The Creditor's Remedy Against A Debtor's Interest In An LLC Or Partnership
2018 - Nevada - Ilani
Ilani v. Abraham, D.Nev. Case No. 2:17-CV-692 (Aug. 21, 2018).
EZRA ILANI, et al., Plaintiffs,
SIMON S. ABRAHAM, et al., Defendants.
Case No. 2:17-cv-00692-APG-PAL.
United States District Court, D. Nevada.
August 21, 2018.
Ezra Ilani & Cathy Ilani, Plaintiffs, represented by David Lyle Edelblute, Kolesar & Leatham, Linda K. Williams, Kolesar & Leatham, Scott D. Fleming, Armstrong Teasdale LLP, William D. Schuller, Kolesar & Leatham & Matthew T. Dushoff, Kolesar & Leatham, Chtd.
Simon S. Abraham & KDA Holdings, LLC, ThirdParty Plaintiffs, represented by Andras F. Babero, The Law Office of Andras F. Babero.
(Mots Debtor Exam — ECF Nos. 63, 64)
(App Charging Order — ECF No. 67)
PEGGY A. LEEN, Magistrate Judge.
Before the court is Plaintiffs' Application for Order Authorizing a Judgment Debtor's Examination of Simon S. Abraham Individually and in His Capacity as Person Most Knowledgeable for KDA Holdings, LLC (ECF No. 63), and Plaintiffs' Application for Order Authorizing a Judgment Debtor's Examination of Person Most Knowledgeable for KDA Holdings, LLC (ECF No. 64). Also before the court is plaintiff's Ex Parte Application for Charging Orders (ECF No 67). These applications are referred to the undersigned pursuant to 28 U.S.C. sec. 636(b)(3) and LR IB 1-7(k) of the Local Rules of Practice.
Rule 69 of the Federal Rules of Civil Procedure provides that a "money judgment is enforced by a writ of execution." Fed. R. Civ. P. 69(a)(1). In aid of the judgment or execution, a judgment creditor may obtain discovery from any person, including the judgment debtor. Fed. R. Civ. P. 69(a)(2). In "proceedings supplementary to and in aid of judgment or execution," the procedure "must accord with the procedure of the state where the court is located." Fed. R. Civ. P. 69(a)(1). Nevada law provides that a judgment creditor is entitled to a court order "requiring the judgment debtor to appear and answer upon oath or affirmation concerning his or her property." NRS 21.270(1). However, "[n]o judgment debtor may be required to appear outside the county in which the judgment debtor resides." NRS 21.270(1). The application does not demonstrate that Simon Abraham resides in Clark County, Nevada.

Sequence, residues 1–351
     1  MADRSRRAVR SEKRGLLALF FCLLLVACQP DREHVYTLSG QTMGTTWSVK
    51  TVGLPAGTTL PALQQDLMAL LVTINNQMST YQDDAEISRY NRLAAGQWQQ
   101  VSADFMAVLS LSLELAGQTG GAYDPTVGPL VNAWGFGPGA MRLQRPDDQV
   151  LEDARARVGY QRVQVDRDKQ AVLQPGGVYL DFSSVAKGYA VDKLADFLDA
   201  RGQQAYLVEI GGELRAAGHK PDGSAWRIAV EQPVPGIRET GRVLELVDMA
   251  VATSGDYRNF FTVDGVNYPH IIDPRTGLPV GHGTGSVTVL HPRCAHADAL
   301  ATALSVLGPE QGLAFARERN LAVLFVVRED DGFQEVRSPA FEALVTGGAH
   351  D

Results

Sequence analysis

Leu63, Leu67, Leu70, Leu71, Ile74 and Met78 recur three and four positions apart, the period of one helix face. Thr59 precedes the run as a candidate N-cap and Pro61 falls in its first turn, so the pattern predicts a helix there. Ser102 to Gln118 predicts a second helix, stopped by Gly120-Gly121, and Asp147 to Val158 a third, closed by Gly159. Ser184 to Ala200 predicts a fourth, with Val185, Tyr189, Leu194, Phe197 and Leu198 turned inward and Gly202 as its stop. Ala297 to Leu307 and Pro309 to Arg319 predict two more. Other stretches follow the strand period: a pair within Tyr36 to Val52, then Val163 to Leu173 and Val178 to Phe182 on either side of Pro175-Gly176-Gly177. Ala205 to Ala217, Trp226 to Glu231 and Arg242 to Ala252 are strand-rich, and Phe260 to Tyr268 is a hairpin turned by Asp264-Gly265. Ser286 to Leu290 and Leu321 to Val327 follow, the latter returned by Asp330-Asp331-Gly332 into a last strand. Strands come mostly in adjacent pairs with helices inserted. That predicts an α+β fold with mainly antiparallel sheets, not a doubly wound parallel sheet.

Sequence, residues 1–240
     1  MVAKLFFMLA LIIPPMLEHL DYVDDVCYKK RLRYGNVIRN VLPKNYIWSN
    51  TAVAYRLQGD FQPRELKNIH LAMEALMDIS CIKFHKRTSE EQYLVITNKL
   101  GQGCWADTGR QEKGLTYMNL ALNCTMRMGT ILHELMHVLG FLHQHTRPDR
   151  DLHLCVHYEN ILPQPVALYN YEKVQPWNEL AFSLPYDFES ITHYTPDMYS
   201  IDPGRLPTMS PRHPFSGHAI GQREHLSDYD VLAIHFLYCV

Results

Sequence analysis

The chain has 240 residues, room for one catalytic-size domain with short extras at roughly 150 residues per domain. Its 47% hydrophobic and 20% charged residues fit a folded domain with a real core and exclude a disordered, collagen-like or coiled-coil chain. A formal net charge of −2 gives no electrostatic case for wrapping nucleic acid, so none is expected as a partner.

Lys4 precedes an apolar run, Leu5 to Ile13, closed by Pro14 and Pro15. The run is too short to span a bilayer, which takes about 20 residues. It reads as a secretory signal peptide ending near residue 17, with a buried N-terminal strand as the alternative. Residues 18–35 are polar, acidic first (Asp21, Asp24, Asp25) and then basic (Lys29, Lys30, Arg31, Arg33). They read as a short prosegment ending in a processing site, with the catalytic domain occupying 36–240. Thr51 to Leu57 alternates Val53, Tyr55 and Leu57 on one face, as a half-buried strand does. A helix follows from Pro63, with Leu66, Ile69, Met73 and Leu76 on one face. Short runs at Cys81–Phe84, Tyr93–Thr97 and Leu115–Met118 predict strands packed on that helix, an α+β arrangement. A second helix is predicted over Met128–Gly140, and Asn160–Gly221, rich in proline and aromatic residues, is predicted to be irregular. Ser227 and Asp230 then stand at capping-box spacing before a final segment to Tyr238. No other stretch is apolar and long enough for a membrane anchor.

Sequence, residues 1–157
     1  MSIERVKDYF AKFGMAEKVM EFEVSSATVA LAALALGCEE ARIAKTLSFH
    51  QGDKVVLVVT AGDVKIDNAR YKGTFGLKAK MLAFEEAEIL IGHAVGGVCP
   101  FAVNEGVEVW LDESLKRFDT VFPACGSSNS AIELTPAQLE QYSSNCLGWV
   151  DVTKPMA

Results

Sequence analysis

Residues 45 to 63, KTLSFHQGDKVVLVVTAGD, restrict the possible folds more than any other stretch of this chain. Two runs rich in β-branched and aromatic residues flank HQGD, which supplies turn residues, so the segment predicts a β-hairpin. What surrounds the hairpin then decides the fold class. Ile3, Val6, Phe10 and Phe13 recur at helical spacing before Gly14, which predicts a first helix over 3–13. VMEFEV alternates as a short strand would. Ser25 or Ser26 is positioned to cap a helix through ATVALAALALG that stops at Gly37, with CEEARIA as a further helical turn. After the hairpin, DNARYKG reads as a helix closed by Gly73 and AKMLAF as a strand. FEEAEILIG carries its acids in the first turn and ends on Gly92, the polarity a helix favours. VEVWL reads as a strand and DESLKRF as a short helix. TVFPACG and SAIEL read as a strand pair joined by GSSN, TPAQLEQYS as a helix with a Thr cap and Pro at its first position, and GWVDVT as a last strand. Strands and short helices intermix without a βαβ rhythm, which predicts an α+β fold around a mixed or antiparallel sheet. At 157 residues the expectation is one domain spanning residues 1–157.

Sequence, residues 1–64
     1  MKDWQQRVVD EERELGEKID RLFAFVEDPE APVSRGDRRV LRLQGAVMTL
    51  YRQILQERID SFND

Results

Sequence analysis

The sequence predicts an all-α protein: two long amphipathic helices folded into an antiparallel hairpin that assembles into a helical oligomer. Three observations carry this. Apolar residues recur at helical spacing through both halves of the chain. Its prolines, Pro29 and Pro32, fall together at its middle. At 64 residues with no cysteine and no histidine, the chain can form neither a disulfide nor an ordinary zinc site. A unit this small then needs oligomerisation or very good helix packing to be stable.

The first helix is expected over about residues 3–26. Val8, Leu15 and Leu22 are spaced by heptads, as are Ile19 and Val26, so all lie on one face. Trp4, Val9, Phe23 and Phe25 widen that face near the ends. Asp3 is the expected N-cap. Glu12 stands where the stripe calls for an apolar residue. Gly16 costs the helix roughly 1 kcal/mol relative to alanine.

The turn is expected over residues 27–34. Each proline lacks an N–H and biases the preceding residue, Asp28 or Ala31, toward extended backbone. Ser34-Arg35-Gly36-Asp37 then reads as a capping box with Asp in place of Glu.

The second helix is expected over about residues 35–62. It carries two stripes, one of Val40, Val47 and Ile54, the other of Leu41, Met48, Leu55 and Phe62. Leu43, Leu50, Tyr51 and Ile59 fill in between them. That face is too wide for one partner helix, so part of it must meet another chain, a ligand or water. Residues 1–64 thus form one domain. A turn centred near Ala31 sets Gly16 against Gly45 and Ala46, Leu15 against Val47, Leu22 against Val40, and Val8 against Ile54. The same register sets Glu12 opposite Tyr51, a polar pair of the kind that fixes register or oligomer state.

Second, the proposed order would require Mr. Simon to appear in his individual capacity and as the "person most knowledgeable" of judgment debtor KDA Holdings. The Federal Rules of Civil Procedure do not provide for a deposition of a "person most knowledgeable" although this term is used to refer to a Rule 30(b)(6) deposition of a corporate representative of KDA Holdings. A party seeking to take a Rule30(b)(6) deposition of a corporation or organization may not dictate who appears on behalf of the corporation.
The purpose of a deposition taken pursuant to Rule 30(b)(6) is to streamline the discovery process. See Great American Ins. Co. of New York v. Vegas Const. Co., 251 F.R.D. 536, 538 (D. Nev. 2008) (citing Resolution Trust Corp. v. Southern Union Co., Inc., 985 F.2d 196, 197 (5th Cir. 1993)). Rule 30(b)(6) imposes burdens on both the discovering party and the designating party. The party seeking discovery through a Rule 30(b)(6) deposition is required to describe "with reasonable particularity the matters on which examination is requested." Fed. R. Civ. P. 30(b)(6). The responding party is required to produce one or more witnesses knowledgeable about the subject matter of the noticed topics. Marker v. Union Fidelity Life Ins. Co., 125 F.R.D. 121, 126 (M.D.N.C. 1989). However, the person designated need not have personal knowledge on the subjects on which examination is requested.
The rule "gives the corporation being deposed more control by allowing it to designate and prepare a witness to testify on the corporation's behalf." United States v. Taylor, 166 F.R.D. 356, 360 (M.D.N.C. 1996). It is a discovery device employed by the examining party "to avoid the `bandying' by corporations where individual officers disclaim knowledge of facts clearly known to the corporation." Federal Deposit Ins. Corp. v. Butcher, 116 F.R.D. 196, 199 (E.D. Tenn. 1986); see also Snapp v. United Transportation Union, __ F.3d ___, 2018 WL 2168653, at *11 (9th Cir. May 11, 2018) (quoting 7 James Wm. Moore et al., Moore's Federal Practice sec. 30.25 (3d ed. 2016) ("[A] corporation generally cannot present a theory of the facts that differs from that articulated by the designated Rule 30(b)(6) representative.")).